Israel must be taught a ‘lesson’, Erdogan tells Putin | Gaza News

The UN Security Council must intervene quickly to protect the Palestinians, the Turkish president told his Russian counterpart.

Turkish President Recep Tayyip Erdogan has told Russian President Vladimir Putin that the international community should teach “Israel a strong and chilling lesson” about its behavior towards the Palestinians.

Erdogan made the comment during a phone call with Putin on Wednesday, the President’s Directorate of Communications in Turkey said amid escalating violence in occupied East Jerusalem and Gaza Strip.

Hostilities flared up after Hamas, which rules the besieged Gaza Strip, issued an ultimatum on Monday demanding that Israel detain its security forces from the Al-Aqsa Mosque site in Jerusalem’s old city after violent crackdowns on Palestinians .

Monday marked the third day in a row that Israeli police raided Islam’s third holiest site and fired rubber-coated steel cartridges, stun grenades and tear gas at Palestinian worshipers in the final days of the holy month of Ramadan

The escalation was triggered by Israel’s plans to forcibly evict residents from the Sheikh Jarrah neighborhood in occupied East Jerusalem to make way for Israeli settlers.

The Gaza Ministry of Health said the death toll since the last offensive began was 56, including 14 children. More than 300 others were wounded. Six Israelis were also killed.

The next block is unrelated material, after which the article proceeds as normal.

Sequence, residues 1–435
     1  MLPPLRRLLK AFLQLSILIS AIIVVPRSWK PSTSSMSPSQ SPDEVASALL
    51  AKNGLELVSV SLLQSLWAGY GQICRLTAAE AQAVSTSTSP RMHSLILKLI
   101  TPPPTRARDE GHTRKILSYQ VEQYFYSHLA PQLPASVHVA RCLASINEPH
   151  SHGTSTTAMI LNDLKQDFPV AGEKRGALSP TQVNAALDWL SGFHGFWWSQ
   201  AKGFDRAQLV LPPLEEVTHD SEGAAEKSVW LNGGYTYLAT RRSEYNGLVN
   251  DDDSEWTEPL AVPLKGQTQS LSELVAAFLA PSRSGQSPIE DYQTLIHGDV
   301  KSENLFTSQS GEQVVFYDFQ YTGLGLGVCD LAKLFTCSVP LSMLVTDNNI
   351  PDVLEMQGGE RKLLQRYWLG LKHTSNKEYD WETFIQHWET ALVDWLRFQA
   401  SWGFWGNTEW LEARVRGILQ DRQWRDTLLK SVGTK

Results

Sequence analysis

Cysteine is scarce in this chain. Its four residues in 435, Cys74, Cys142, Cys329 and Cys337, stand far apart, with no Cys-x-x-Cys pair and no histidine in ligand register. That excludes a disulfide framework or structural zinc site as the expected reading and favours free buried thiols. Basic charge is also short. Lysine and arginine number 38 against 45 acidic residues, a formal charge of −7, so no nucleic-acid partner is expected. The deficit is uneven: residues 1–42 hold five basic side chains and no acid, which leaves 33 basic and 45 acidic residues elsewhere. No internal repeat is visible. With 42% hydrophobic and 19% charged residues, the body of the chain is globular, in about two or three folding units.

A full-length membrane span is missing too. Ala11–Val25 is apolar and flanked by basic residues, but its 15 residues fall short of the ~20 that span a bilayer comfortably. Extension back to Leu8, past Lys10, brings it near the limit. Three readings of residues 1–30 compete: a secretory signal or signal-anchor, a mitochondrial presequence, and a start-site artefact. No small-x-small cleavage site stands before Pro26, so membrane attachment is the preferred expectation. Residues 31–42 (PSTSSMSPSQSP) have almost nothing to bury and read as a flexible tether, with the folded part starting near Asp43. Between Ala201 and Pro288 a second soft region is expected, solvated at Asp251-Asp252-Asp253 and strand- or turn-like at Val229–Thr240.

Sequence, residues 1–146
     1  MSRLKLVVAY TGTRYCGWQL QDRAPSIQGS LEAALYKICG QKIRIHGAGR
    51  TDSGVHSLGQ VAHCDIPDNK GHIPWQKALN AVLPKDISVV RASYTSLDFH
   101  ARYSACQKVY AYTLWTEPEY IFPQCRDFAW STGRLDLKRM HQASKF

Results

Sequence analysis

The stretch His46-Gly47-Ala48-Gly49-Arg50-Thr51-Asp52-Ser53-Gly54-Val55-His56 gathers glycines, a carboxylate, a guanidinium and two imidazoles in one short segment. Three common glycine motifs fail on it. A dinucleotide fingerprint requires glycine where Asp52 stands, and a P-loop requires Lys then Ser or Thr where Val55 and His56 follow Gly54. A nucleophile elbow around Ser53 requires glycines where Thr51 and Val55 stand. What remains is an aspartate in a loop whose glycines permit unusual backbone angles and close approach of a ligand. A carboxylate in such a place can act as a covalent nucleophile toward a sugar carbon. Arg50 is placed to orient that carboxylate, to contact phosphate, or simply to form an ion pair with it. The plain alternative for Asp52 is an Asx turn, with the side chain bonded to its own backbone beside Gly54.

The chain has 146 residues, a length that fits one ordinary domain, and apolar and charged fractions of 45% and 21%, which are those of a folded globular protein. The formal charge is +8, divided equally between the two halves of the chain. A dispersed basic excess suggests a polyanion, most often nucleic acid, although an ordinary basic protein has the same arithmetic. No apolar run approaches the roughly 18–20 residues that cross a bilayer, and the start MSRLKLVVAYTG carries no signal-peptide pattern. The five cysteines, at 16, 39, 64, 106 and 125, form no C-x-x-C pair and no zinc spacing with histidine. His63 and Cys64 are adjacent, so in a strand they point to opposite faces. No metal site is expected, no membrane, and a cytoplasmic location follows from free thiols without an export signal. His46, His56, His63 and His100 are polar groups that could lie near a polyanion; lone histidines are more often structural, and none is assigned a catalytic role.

The Turkish statement on Wednesday said Erdogan had stressed the need for “the international community to teach Israel a strong and dissuasive lesson” and called on the UN Security Council to act swiftly with “firm and clear messages” to Israel .

The statement said Erdogan had suggested Putin to consider an international protection force to protect the Palestinians.

Erdogan had expressed a wish late last year to improve relations between Turkey and Israel after years of disagreement over the occupation of the West Bank by Tel Aviv and the treatment of the Palestinians.

Turkey, which in 1949 was the first country with a Muslim majority to recognize Israel, broke off relations with Israel for the first time in 2010.

That was after 10 pro-Palestinian Turkish activists were killed by Israeli commandos boarding a Turkish ship, the Mavi Marmara, which was part of a flotilla trying to provide aid and break Israel’s long-standing sea blockade on Gaza.

The Israeli blockade of the occupied Gaza Strip has existed since June 2007 when Israel imposed an airtight land, sea and air blockade on the area.

They reestablished relationships in 2016, but relationships deteriorated again in 2018.

In May of this year, Ankara withdrew its envoy over deadly attacks against Palestinians in the besieged Gaza Strip who were protesting US President Donald Trump’s decision to move the US embassy from Tel Aviv to Jerusalem.

Erdogan and Israeli Prime Minister Benjamin Netanyahu have often exchanged angry remarks, but the two countries continue to trade with each other.

In August this year, Israel accused Turkey of giving passports to a dozen Hamas members in Istanbul, describing the move as “a very unfriendly move” its government would take against Turkish officials.

Hamas seized the besieged Gaza Strip in 2007 from forces loyal to Palestinian Authority President Mahmoud Abbas after winning the 2006 general election. Since then, Israel has stepped up its siege considerably and launched three protracted military attacks on Gaza.